Oh mosquitoes…they are everywhere! Even if you bathed in Deet, wear long sleeves and long trousers, Thai mosquitoes will bite you through your clothing anyway. In Belgium you hear the musquitoes buzzing around you, but in Thailand they make no sound. You just get unwarned bites. Every time I’ve got bitten I think I’m a step closer to dengue fever, yellow fever or Malaria. It would be so creepy to get one of those.
1. Thai traffic
There are very capable Thai drivers for sure, but there are too many people on the road who should not have, or simply don’t have a driver’s license.
I always feel like some Thai people transform into raging monsters whenever they get into their car, bus or truck. It feels like they are all playing GTA and the worse part is there are no cops chasing them! Thai traffic is crazy. The road markings are decorating, nobody obeys the speed limits, turn signals are provided in order to make your steering wheel symmetrical with windscreen wiper lever and headlights are to indicate that you are not planning on driving courteous.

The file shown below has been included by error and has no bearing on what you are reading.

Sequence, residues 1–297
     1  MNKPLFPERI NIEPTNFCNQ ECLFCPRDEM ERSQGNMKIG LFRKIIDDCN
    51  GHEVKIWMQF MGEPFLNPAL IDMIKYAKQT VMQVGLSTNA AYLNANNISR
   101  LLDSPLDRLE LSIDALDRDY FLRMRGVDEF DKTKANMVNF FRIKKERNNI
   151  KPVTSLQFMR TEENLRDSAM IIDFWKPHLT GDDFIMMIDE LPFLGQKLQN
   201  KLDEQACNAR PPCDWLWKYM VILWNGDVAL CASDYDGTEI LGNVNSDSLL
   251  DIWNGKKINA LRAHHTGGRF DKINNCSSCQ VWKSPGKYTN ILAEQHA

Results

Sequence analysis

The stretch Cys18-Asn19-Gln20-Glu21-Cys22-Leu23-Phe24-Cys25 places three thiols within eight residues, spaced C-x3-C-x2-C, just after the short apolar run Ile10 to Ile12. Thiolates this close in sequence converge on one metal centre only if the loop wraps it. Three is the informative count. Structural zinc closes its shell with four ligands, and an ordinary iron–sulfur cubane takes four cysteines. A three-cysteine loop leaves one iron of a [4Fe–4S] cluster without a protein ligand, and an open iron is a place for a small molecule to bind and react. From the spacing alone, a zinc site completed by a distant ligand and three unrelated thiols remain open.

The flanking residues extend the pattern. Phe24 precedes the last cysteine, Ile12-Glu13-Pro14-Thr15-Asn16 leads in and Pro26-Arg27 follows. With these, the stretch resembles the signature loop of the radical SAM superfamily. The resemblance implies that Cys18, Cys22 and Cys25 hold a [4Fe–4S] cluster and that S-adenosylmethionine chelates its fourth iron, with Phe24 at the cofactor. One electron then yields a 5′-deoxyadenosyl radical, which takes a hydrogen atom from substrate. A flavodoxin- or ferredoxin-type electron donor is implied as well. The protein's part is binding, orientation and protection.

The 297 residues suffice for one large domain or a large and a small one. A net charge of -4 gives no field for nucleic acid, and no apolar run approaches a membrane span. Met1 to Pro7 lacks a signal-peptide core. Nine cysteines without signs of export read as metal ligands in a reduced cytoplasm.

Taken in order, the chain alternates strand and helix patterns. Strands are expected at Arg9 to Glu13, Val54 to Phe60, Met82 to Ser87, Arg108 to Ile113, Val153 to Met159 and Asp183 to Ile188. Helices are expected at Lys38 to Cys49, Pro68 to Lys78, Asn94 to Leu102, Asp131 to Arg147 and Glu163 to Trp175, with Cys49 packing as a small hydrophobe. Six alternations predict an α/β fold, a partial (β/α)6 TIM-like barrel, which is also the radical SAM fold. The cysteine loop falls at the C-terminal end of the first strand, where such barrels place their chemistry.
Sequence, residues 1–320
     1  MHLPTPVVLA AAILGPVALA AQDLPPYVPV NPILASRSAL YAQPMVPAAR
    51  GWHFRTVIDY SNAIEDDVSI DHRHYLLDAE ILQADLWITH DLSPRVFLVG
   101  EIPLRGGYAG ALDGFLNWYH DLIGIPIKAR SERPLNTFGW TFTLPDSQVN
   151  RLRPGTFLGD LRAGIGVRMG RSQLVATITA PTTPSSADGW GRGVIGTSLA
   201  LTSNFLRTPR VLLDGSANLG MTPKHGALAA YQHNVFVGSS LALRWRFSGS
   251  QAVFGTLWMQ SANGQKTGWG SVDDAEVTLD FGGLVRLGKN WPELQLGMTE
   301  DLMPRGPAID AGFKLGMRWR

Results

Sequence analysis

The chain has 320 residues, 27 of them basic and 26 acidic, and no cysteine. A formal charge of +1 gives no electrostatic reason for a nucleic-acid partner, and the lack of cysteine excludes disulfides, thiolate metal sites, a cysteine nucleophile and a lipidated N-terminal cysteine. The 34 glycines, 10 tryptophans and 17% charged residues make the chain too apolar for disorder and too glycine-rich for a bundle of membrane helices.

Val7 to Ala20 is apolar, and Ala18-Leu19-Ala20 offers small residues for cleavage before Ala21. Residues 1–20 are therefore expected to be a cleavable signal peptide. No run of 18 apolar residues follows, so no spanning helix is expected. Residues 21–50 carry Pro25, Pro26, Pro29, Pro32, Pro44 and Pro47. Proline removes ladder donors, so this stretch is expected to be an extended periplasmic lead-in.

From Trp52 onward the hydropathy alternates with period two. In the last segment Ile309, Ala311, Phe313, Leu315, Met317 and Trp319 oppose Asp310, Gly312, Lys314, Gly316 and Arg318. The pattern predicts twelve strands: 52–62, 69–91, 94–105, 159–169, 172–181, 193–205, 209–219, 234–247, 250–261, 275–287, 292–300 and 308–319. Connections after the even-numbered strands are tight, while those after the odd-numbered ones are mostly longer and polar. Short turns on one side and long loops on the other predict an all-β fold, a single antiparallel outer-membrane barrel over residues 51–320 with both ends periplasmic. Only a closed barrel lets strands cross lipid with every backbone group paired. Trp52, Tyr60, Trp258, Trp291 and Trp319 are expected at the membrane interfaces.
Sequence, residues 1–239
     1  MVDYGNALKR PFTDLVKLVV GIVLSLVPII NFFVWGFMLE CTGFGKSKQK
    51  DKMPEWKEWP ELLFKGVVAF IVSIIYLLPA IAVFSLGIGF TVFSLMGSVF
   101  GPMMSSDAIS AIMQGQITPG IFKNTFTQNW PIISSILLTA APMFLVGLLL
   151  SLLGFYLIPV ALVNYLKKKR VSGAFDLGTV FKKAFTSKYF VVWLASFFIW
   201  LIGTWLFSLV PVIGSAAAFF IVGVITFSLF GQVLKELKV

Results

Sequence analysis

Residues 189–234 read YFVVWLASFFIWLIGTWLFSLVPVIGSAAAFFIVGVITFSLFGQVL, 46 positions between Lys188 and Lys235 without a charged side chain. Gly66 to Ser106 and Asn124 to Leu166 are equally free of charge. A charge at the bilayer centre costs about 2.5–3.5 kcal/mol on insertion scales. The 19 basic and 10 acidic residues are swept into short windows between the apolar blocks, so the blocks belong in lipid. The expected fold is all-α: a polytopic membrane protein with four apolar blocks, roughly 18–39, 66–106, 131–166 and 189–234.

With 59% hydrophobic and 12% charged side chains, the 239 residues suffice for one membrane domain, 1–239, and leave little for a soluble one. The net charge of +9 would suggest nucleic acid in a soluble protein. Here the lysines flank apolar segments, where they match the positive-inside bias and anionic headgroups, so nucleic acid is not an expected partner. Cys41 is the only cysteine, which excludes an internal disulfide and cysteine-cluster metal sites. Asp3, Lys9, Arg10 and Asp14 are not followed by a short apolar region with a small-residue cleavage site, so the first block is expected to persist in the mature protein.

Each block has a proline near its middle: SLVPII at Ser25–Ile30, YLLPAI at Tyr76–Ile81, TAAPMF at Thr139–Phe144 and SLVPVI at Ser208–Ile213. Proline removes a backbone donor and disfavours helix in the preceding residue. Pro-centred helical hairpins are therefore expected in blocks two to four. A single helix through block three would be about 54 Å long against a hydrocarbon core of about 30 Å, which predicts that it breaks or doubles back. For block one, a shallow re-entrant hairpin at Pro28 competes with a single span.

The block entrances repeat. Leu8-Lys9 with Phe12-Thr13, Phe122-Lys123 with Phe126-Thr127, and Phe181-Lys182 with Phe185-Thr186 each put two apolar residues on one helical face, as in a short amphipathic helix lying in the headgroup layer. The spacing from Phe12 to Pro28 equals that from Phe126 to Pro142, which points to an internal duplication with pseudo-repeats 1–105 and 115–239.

Then you have the motorbikes, bicycles and tuk tuks. They all seem so suicidal! Trying to find blind spots of the cars they are passing, never using their turn signals, never wearing a helmet, fitting as many people as possible on a motorbike, racing through traffic like they are invincible. They are so dangerous and there are so many of them! You are never prepared for the amount of motorbikes zooming passed you from all sides of your vehicle.
On top of that you have many stray dogs, who sometimes cross the street right in front of cars or motorbikes, or they chase people on bicycles and motorbikes or they are just sleeping in the middle of the road.
So of course Thai traffic is my number 1 fear! I can’t control what other people do and they are so unpredictable. Thailand is one of the countries with the highest road accident fatalities. Driving in Thai traffic simply is dangerous.
My conclusion: don’t fear the bar girls, be careful on the road in Thailand and you both might survive living in Thailand as a couple.